A common mistake made by beginners on value investing is too much focus on "Quantitative Analysis", but completely ignore the Qualitative Analysis.
Basically, the first one is putting all the numbers together. P/E ratio is the most common used figure. Of course, it would be very naive to just take one number to decide the fair value of a stock. Even you find out all the hidden facts behind the current earnings to get to the bottom of the future earning power. There are other factors on the balance sheet to consider, among them, three are most important:
Very high leverage puts the company into huge risk, if the business environment or the industry outlook changes, this is the way that leads to certain death.
2. Capital requirement.
Some business requires more capital input to fuel the growth. Good business has less capital requirement, such as food. But business like airline requires huge capital input which also leads to high debt and leverage usually. Another way to look at the capital requirement is to look at the "Return on Equity".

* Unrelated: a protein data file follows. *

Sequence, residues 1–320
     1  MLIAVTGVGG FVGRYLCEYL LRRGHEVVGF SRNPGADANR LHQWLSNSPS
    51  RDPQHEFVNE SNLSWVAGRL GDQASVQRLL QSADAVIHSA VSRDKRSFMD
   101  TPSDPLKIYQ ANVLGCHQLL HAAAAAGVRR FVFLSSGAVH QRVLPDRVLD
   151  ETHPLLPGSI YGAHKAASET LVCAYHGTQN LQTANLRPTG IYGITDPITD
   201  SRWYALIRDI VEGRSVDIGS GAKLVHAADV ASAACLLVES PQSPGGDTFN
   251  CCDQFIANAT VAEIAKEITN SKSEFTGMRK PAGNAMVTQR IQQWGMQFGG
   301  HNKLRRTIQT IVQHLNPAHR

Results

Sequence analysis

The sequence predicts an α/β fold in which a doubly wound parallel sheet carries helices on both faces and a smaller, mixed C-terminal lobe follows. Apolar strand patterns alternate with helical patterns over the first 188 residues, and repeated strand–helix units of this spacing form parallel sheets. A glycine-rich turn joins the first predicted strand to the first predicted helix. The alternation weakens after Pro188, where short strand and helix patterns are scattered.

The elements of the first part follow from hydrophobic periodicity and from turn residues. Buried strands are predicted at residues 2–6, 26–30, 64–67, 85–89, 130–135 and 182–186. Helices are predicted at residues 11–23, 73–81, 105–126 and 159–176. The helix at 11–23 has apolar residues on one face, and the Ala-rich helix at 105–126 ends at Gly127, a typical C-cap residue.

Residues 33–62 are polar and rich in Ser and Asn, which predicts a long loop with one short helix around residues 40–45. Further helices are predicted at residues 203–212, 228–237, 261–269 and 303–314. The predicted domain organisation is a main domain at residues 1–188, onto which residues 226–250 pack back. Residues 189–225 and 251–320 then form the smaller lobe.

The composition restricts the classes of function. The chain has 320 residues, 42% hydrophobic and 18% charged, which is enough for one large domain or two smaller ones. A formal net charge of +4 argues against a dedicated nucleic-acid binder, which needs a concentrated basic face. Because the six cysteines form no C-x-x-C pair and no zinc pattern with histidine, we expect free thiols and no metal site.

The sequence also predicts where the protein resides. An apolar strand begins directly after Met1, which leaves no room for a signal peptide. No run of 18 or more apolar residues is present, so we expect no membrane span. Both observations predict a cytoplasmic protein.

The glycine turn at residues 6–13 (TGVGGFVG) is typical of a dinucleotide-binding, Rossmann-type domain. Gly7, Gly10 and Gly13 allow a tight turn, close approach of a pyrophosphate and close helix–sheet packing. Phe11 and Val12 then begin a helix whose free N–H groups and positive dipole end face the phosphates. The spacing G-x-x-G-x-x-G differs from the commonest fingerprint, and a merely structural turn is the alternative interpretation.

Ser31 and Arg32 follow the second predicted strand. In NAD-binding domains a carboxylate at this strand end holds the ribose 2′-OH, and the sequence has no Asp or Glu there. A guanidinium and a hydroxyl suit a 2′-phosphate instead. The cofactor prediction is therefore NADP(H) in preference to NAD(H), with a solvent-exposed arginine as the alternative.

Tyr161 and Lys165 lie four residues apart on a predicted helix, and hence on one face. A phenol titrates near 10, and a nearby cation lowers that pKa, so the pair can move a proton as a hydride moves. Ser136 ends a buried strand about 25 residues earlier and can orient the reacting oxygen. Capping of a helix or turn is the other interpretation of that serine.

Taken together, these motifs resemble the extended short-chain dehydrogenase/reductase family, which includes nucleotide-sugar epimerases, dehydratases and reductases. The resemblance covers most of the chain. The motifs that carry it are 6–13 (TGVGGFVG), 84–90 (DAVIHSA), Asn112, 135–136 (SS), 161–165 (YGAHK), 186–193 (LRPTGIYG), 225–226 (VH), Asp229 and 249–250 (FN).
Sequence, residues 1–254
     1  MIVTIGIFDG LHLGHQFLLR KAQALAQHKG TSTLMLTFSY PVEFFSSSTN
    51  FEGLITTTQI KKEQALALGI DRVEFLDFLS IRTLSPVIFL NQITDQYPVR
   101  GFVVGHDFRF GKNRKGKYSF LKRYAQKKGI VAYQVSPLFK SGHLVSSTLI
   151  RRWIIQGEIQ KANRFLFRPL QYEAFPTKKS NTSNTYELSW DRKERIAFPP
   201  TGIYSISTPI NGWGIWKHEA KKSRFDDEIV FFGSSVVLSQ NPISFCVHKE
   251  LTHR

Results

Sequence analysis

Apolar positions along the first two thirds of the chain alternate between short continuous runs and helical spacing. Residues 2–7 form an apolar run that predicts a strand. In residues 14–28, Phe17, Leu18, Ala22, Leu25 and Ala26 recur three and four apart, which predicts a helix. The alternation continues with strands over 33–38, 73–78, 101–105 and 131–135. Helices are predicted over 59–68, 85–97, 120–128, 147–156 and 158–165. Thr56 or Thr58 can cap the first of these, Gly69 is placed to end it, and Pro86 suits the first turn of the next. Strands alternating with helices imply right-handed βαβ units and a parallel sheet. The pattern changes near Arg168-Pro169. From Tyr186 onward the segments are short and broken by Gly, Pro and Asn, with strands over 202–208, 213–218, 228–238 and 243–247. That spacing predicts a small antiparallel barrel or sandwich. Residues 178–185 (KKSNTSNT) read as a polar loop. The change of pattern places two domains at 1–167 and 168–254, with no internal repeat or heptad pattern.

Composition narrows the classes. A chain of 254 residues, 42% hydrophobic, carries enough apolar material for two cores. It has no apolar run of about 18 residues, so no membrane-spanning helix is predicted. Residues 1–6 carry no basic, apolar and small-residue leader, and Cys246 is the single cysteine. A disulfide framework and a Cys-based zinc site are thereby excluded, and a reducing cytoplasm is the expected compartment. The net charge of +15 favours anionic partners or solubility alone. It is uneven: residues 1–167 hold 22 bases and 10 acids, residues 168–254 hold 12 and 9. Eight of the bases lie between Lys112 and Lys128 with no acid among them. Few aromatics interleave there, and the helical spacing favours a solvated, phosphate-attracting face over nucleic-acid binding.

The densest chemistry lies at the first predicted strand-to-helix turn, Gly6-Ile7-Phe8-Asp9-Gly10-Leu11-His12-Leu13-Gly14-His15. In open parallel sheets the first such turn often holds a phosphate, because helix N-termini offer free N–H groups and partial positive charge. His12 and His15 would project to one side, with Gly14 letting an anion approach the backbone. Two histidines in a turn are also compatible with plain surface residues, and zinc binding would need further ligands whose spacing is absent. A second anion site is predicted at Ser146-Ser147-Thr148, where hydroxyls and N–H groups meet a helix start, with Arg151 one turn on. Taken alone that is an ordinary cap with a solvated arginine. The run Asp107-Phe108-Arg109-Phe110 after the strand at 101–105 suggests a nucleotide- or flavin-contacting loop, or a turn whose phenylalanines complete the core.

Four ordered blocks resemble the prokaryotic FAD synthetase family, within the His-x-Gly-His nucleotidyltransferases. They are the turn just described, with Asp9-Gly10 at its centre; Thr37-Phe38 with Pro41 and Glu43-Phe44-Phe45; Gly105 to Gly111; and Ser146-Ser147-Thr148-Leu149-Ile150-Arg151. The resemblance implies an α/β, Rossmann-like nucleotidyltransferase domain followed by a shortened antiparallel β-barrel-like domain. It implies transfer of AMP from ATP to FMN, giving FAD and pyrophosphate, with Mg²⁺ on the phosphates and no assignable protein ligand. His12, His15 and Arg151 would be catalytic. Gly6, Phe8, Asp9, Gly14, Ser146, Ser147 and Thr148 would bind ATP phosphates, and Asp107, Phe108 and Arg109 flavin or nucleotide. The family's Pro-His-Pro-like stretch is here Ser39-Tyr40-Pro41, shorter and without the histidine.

3. Operating Margin.
This is especially important in cyclic industries, because when industry slows down, only the one with highest operating margin can survive. For example, when housing starts decreases 66% and the whole wallboard industry is close to bankcruptcy, Eagle Material still ears good profit.
Even these three traits on balance sheet and income statement are still part of "Quantitative Analysis". The other part: "Qualitative Analysis" is very important too.
"Qualitative Analysis" focus on traits that are not reflected in any numbers, such as:
1. Management stewardship and ability.
2. Sustainable competitive advantages.
3. Industry outlook and economy outlook.
These traits are usually hidden behide the scene, and requires substantial understanding of the company and business. They are the proven indicators for the future outlook, because all the numbers we get is just the past and present, without these indicators to ensure the certainty, these numbers could be widely different from the future.
As an example, Bear Sterns was very profitable every year in the last several decades, but eventually get bankrupted suddenly. Without understanding the management and the nature of the business, it is very hard to forecast this kind of changes just based on the past earning figures.